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By Thomas McKinnon 4 December 2009

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Nokia was on to something in the year 2000 with the 3310. It had the potential to be a really boring phone with its safe design and monochrome display, but it wasn’t primarily because it featured interchangeable covers.

Alas as phone interfaces and screens improved it was just easier to change your wallpaper than to change your cover when you wanted to personalise you phone. Well, as with any fashion, interchangeable covers are in vogue again. Samsung and HTC have both released mid-range devices with interchangeable covers, the Corby and the Tattoo respectively.

The Tattoo is particularly interesting because it’s powered by Google’s Android 1.6 OS. Surprisingly, as a mid-range device, it also offers all the UI goodness available on the HTC Hero, skinned with HTC’s Sense Experience.

Interface

HTC’s Sense Experience, first seen on the Hero, is superb since it offers seven customisable home-screens that can be populated with your most used apps. A number of the apps, like Peep (for Twitter) offer steaming updates to your home-screen and others such as the Wi-Fi and Bluetooth settings widgets allow you direct access to functions you normally have to dig deep for.

The device also offers easy access to settings and customisation features via a hardware menu button. This makes changing settings and switching between different scenes a breeze. Sense even grabs your Gmail and Facebook contacts and integrates them with your address book on the phone so that pics and other bits of info are available on your friends, adding greatly to the personal feel of the phone.

The platform’s media applications, pre-installed Google services and access to the Android market make it a pleasure to use. In fact the wide scope for customisation makes it incredibly flexible so that just a few adjustments to the settings turns the Tattoo into a youthful gadget, as opposed to the impressive productivity device it the Hero is.

Hardware

The Tattoo also features a respectable set of specification. All the latest connectivity options are on offer; Quad Band GSM, 3G HSDPA, Wi-Fi 802.11 b/g and Bluetooth 2.0. It’s powered by the same 528 MHz Qualcomm processor as its three HTC Android predecessors. It offers a 3.5 mm jack, an accelerometer, a 3.2 megapixel camera and GPS support with A-GPS.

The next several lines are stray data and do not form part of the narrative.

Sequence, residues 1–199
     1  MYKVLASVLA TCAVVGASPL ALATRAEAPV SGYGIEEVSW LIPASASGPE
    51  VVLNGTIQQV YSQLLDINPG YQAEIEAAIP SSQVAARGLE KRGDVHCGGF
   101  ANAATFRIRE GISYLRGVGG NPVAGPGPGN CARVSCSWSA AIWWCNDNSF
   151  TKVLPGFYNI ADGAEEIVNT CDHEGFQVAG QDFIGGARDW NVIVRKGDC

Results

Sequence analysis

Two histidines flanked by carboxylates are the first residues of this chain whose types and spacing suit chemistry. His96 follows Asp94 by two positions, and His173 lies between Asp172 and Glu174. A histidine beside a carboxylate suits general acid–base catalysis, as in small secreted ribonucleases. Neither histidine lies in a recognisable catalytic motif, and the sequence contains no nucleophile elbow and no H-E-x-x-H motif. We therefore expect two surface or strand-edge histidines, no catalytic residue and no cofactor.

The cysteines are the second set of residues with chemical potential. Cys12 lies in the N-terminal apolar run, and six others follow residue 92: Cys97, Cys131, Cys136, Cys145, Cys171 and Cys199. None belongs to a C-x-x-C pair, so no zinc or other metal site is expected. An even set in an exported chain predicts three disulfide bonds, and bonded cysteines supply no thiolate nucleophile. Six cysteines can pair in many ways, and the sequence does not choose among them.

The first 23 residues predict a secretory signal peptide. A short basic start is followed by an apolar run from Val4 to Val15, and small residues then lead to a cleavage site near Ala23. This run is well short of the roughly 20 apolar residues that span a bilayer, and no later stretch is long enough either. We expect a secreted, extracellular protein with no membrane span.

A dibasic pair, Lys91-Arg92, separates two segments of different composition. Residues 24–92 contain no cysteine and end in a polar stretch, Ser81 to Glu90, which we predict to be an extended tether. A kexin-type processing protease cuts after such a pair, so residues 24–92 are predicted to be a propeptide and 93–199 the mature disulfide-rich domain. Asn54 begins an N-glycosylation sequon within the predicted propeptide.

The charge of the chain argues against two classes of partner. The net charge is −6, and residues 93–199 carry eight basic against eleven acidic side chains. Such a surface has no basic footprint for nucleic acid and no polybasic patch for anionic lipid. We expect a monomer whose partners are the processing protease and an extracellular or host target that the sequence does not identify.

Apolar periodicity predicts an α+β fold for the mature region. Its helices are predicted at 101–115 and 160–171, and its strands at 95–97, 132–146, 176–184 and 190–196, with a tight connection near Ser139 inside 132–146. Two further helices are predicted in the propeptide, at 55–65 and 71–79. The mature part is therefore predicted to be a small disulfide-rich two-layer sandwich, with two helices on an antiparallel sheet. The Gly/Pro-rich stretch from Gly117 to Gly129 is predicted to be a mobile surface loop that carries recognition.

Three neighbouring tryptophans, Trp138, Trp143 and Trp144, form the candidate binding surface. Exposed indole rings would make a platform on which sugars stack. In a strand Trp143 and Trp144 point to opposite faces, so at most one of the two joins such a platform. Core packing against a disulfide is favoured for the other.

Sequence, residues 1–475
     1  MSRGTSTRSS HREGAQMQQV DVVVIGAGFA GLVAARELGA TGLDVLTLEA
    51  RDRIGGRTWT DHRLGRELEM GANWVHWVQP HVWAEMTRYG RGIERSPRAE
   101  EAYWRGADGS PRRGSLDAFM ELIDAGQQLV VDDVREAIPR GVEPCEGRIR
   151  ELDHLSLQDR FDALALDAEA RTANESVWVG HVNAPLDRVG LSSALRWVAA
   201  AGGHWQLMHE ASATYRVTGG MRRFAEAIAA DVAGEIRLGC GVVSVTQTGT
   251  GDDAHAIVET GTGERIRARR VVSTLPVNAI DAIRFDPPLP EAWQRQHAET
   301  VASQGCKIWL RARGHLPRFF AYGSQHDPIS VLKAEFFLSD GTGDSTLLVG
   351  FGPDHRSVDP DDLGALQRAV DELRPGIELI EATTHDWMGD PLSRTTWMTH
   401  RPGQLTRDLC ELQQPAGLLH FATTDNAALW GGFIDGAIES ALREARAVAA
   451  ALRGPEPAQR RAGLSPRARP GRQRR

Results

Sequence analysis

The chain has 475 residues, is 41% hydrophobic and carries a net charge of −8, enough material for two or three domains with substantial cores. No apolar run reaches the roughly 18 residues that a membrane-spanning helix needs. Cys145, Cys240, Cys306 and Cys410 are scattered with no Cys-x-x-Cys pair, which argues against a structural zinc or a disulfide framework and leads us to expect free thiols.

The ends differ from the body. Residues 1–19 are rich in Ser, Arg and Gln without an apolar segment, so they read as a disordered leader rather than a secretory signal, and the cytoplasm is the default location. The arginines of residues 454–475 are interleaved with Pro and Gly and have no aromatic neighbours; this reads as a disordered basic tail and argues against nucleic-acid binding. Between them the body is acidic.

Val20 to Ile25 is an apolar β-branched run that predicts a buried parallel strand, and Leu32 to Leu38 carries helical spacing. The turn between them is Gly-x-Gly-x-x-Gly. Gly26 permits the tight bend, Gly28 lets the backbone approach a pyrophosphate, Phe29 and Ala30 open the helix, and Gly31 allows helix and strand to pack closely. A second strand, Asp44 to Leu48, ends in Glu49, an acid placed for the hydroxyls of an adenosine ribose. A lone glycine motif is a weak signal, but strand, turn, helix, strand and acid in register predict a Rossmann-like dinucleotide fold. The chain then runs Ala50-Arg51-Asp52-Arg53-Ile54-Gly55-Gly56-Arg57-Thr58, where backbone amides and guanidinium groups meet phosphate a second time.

While the camera disappointed a little, being poor in low light conditions and lacking auto-focus functionality, we found it acceptable when used as a point-and-shoot device. The battery life was the real disappointment however, since it generally lasted only a day with regular use.

Touch experience

While the Tattoo can be commended for its OS offering and decent hardware, some sort of comprise was to be expected from a phone in its price bracket. Its touch experience was the casualty, being the first Android device to utilise a resistive, as opposed to a capacitive, touch-screen. Basically it’s activated via pressure rather than the electrical impulses in a human finger, making it a more clumsy technology. To make matters worse the Tattoo only has a 2.8" screen with a native resolution of 240 x 320, far smaller than the Dream, Magic or Hero.

This cramped touch experience is most obvious when typing messages. It’s near impossible to type messages in portrait mode, with the keys squashed far too close together. Landscape mode is better, but still not nearly as good as the experience on the Hero.

Interchangeable covers

The interchangeable covers and mid-range pricing of the Tattoo are obvious moves by HTC to entice a more youthful Android following. You can buy a number of stylised cases online from tattoomyhtc.com or even design your own cover. So while the idea is similar to the 3310, you’re not buying a cover from a hawker at the lights.

The concept is rather interesting but it would have been nice to have an extra cover or two straight out the box. Also you need to order the covers in Euro as there is no local store. This means that they’re a little pricey at around 12 Euro and there’ll be a 10 day waiting period. So we don’t envision someone buying three or four covers at a time.

Conclusion

While the touch and display size issues are rather annoying it’s important to remember that they have brought the price of an Android device into the mid-range market. For this reason the phone is well worth what you pay for it. The Tattoo highlights just how versatile and device agnostic the Android platform is becoming.

PROS
Uncompromised Android experience with HTC Sense Experience UI.
CONS
The touch experience isnt as good as previous HTC Android devices.
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